Sunday, April 03, 2016

The Party's Over, Part 3: Controlled Demolition

Once the smoke clears, it might be a good idea for the little people across the political spectrum to consider just what their expectations are out of their party machinery, and if maybe there's another way. Technology has evolved so rapidly and massively, faster than our ability to keep pace with all its capacities, that it's likely that it can facilitate a political paradigm that does not require the current system of institutionalized bribery.

The grievances from Sanders supporters and Drumpf supporters are nearly identical in many respects, and mostly concern the lack of responsiveness from their elected officials. Part of this is obviously the usual chicanery and deal-making that has left a lot of people out, sending away their jobs without adequate replacement or retraining, decimating their towns and communities. But part of it, as we've seen consistently, especially with Drumpf voters but along the political spectrum, is that the people don't know what they want, or they think they do, but have no idea how it should be made to happen.

It makes sense that the largest swath of these discontented folks would gravitate toward the "none of the above" candidate, filter through his generic, anodyne nonsense to hear the self-affirming bits they needed to hear, and perceive any skepticism with outright hostility. Again, the defining characteristic of the Drumpf voter is to see opponents not as individuals with a differing viewpoint that may or may not have some validity, but as a threat, an enemy. This is a natural consequence of following a candidate who communicates mostly in authoritarian rhetoric and boastful, self-serving lies.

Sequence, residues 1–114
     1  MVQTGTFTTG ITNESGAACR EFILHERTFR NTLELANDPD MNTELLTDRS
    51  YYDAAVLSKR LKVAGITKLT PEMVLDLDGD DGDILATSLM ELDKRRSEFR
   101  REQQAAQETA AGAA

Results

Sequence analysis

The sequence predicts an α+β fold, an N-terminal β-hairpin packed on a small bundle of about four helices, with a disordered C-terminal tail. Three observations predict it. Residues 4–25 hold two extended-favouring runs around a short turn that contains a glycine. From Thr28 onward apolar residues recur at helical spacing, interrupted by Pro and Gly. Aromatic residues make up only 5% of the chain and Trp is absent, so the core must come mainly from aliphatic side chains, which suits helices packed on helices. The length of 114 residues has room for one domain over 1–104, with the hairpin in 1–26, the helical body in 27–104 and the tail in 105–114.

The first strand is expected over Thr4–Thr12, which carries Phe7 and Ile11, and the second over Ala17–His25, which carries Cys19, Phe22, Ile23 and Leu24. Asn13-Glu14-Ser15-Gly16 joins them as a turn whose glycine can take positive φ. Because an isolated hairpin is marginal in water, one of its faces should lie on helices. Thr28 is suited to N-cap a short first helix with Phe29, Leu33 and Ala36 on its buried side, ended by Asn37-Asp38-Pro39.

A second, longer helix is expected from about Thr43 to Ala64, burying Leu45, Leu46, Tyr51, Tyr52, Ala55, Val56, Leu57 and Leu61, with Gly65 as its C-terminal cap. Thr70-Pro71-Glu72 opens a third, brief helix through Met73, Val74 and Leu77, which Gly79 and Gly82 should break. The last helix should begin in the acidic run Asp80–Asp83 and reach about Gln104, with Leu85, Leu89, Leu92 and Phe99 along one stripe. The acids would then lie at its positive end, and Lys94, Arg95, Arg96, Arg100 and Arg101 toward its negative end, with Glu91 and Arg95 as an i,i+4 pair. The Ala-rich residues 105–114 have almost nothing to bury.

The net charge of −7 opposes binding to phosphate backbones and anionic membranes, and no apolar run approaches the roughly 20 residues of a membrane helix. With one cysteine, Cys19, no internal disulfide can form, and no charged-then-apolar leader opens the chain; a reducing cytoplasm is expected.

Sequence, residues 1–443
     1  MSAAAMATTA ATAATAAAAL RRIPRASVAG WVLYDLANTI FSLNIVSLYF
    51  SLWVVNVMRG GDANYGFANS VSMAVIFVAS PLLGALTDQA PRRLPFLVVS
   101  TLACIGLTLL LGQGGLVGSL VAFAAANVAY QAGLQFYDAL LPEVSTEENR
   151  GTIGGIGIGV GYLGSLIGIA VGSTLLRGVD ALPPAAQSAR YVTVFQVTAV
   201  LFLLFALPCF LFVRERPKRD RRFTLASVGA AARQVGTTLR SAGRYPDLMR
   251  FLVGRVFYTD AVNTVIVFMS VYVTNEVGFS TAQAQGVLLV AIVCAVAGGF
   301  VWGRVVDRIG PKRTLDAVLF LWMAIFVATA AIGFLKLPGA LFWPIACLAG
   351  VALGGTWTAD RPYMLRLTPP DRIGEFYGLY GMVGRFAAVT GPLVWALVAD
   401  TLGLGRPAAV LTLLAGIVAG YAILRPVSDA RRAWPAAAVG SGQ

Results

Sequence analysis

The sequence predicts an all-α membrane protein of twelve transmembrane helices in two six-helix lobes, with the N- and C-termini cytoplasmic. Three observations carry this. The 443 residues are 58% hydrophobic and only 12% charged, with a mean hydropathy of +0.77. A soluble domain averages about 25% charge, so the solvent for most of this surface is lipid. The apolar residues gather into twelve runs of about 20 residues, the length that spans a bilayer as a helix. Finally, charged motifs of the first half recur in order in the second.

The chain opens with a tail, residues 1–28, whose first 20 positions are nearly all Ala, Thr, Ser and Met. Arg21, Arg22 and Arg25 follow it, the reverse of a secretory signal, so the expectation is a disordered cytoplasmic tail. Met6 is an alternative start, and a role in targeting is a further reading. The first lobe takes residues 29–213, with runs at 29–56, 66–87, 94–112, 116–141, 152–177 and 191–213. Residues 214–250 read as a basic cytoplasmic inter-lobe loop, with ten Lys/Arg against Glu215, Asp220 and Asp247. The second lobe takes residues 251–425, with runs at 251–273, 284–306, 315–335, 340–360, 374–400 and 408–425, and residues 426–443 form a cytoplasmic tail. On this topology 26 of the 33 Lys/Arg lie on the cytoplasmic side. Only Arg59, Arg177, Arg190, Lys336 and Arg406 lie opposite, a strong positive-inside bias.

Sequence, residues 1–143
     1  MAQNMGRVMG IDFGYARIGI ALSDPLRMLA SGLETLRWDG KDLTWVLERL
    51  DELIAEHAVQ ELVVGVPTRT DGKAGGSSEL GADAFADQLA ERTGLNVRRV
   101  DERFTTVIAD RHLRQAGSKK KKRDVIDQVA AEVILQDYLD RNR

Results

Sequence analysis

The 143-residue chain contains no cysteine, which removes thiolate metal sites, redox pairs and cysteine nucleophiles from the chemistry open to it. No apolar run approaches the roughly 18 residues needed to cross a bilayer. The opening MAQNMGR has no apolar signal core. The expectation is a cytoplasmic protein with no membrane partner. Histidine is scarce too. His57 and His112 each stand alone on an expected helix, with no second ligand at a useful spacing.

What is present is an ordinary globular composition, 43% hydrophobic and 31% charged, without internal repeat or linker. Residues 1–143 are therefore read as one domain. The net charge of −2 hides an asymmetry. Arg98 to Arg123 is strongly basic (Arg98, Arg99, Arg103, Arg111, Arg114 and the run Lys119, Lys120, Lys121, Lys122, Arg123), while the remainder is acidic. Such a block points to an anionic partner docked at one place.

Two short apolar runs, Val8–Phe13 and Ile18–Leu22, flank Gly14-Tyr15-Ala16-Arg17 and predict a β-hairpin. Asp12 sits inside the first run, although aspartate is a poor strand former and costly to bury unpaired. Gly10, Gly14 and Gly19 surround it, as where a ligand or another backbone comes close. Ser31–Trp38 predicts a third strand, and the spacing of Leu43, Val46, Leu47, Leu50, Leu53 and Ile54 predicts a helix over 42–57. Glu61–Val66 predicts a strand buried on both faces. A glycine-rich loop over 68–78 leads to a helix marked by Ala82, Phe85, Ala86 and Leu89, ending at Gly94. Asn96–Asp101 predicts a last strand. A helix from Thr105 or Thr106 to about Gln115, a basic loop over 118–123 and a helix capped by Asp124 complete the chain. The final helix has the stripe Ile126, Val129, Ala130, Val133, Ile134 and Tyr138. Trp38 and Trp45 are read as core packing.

Without that candidate, those people may just go back to not voting, they may form a third party, they may decide to form a rebellious fifth column across the nation, standing for nothing but resistance to the presumed jackbooted tyranny of Hillary Clinton. But the fact is that unless HRC has some serious coattails in the fall to affect down-ticket races, the Democrats will to serious observers also be exposed as, if not an empty shell, at the very least considerably less than it purports to be. Not only are they just as beholden to their own investors and special interests, but as the lineup of state legislatures and governorships shows, they are not very effective.

If we think closely on what exactly political parties are for, when you get right down to it, a primary function is simply to mobilize and legitimize support for whatever the people who run the party want to do. If they can convince you that it will benefit you as well, or even that it was your idea, so much the better for them.

But again, it needs to be seriously considered, can the improvements in technology be utilized in such a way to make government more responsive to its constituents, and disempower what has become a parasitic class of consultants, lobbyists, power brokers, and other such bottom-feeding scum? The media might have to learn to live without their permanent horse-race pelf, but they are rapidly outliving their usefulness anyway. Maybe not giving Drumpf almost two billion dollars in free coverage in the first place might have prevented some of this.

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